Damien Jurado’s simple, effective covers of Microphones’ “Where Lies My Tarp?” and Low’s “Murderer” made for good listening, while also offering interesting personal insights into the Seattle songwriter’s listening habits/aesthetic inspirations. As he told us then:
With a band like Low, I have always compared listening to their music to that of a self reveling and holy, or religious experience. It’s hard to explain. The only way I could describe it is: If you were dying and that feeling of fear or joy comes over you … Low is what that experience would sound like. Everything revealed … and then light or dark, comfort and terror. It’s also present in the work of Phil Elverum: Songs that speak of an unknown darkness, i.e. the album Mount Eerie and “No Flashlight.” I’m fascinated by the unknown … So, when hear songs that touch on that, I’m instantly drawn in.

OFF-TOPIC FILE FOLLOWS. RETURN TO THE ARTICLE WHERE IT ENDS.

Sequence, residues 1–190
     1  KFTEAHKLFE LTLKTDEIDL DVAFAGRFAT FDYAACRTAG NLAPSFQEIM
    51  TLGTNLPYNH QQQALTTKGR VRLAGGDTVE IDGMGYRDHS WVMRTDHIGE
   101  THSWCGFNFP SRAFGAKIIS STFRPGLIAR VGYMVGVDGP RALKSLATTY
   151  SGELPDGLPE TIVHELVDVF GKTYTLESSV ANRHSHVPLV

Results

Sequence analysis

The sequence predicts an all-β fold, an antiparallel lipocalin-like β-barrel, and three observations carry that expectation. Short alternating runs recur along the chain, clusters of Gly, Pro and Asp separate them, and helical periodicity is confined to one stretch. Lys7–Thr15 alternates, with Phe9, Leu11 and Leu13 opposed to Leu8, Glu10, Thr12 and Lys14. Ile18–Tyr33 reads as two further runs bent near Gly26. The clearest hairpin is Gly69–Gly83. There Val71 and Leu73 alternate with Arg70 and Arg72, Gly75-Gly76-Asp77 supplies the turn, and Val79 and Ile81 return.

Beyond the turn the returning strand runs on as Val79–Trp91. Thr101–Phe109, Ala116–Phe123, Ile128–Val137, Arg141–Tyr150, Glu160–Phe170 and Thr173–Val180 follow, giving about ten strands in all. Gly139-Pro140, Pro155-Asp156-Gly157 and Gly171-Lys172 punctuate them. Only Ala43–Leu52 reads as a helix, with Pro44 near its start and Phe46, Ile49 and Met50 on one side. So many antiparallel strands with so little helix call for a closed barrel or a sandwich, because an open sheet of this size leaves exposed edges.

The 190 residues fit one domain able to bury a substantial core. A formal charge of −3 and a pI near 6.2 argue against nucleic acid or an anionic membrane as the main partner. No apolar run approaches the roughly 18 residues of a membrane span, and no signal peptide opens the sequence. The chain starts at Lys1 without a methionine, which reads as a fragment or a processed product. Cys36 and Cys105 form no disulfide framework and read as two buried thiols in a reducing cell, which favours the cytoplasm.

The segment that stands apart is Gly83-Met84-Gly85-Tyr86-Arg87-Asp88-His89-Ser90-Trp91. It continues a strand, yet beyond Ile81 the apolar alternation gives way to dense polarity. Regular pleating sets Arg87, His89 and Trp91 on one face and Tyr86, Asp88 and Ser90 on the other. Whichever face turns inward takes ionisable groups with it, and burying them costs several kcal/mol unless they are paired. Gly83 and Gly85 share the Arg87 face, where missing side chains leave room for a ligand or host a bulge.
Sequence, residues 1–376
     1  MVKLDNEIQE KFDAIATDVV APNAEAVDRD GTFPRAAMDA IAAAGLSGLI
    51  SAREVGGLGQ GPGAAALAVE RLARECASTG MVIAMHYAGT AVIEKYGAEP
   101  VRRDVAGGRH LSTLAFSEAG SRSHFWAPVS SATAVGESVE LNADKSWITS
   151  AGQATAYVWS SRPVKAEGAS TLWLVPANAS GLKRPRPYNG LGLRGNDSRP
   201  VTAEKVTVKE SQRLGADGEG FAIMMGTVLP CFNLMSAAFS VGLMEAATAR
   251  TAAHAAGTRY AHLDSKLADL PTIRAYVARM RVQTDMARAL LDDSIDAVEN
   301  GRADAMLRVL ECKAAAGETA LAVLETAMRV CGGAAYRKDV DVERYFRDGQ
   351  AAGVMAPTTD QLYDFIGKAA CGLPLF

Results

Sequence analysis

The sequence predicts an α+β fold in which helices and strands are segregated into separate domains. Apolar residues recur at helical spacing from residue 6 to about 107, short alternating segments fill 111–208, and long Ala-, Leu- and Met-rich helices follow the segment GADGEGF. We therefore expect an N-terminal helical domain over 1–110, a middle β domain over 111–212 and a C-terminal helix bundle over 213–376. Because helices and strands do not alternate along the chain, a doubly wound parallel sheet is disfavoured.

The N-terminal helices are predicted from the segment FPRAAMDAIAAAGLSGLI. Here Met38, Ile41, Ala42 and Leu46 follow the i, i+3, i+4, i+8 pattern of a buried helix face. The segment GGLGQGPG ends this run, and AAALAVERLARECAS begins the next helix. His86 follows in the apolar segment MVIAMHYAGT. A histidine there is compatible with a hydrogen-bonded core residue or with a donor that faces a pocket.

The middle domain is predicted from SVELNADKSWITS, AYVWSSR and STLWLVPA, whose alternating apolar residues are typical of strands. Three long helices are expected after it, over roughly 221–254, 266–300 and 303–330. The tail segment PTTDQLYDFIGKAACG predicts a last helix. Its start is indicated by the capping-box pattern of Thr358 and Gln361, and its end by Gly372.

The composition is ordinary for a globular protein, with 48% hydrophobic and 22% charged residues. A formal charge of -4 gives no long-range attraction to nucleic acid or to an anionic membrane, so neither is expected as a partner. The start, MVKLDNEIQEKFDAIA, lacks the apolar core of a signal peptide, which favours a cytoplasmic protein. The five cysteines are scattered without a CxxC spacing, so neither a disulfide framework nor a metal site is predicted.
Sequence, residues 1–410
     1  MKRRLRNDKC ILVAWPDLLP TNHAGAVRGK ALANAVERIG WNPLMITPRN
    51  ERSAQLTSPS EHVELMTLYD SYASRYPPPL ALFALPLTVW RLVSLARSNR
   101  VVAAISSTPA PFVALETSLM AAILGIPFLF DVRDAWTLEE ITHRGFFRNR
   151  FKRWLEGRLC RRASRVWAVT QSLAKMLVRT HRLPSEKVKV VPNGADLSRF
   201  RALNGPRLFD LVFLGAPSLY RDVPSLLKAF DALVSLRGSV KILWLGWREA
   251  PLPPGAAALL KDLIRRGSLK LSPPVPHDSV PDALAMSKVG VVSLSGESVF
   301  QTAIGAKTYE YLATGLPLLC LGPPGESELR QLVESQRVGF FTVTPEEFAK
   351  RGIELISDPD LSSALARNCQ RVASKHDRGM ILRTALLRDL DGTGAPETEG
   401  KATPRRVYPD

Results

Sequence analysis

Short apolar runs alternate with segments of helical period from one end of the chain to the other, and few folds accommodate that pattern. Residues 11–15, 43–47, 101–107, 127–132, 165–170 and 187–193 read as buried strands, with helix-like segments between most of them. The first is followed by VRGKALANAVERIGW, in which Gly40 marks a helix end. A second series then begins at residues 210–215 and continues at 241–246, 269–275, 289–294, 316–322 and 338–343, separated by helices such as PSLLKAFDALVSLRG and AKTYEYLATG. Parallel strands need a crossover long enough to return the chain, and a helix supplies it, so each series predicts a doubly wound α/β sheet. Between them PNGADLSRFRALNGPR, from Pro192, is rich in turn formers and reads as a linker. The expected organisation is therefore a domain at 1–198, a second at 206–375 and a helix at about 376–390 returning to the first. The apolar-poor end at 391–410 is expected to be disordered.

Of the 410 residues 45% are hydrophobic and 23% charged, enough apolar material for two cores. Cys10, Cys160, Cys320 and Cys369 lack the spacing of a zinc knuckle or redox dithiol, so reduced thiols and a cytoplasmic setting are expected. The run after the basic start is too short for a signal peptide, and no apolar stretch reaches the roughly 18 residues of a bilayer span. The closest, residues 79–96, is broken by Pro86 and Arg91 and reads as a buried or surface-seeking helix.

Jurado has a new collection of originals out in May, his ninth. It’s helpful to keep the above words about holy experiences and unknown darkness in mind when you dip into the Richard Swift-produced Saint Bartlett via ’60s sock-hopping lead track “Arkansas.” Is love a “holy” experience? Sure. Is Arkansas a person or a place? Both and more. And, why the “aw man” when we fade out and the credits roll? It’s up to you to fill-in the finale.
Saint Bartlett is out 5/25 via Secretly Canadian. Jurado and Swift played everything on the album.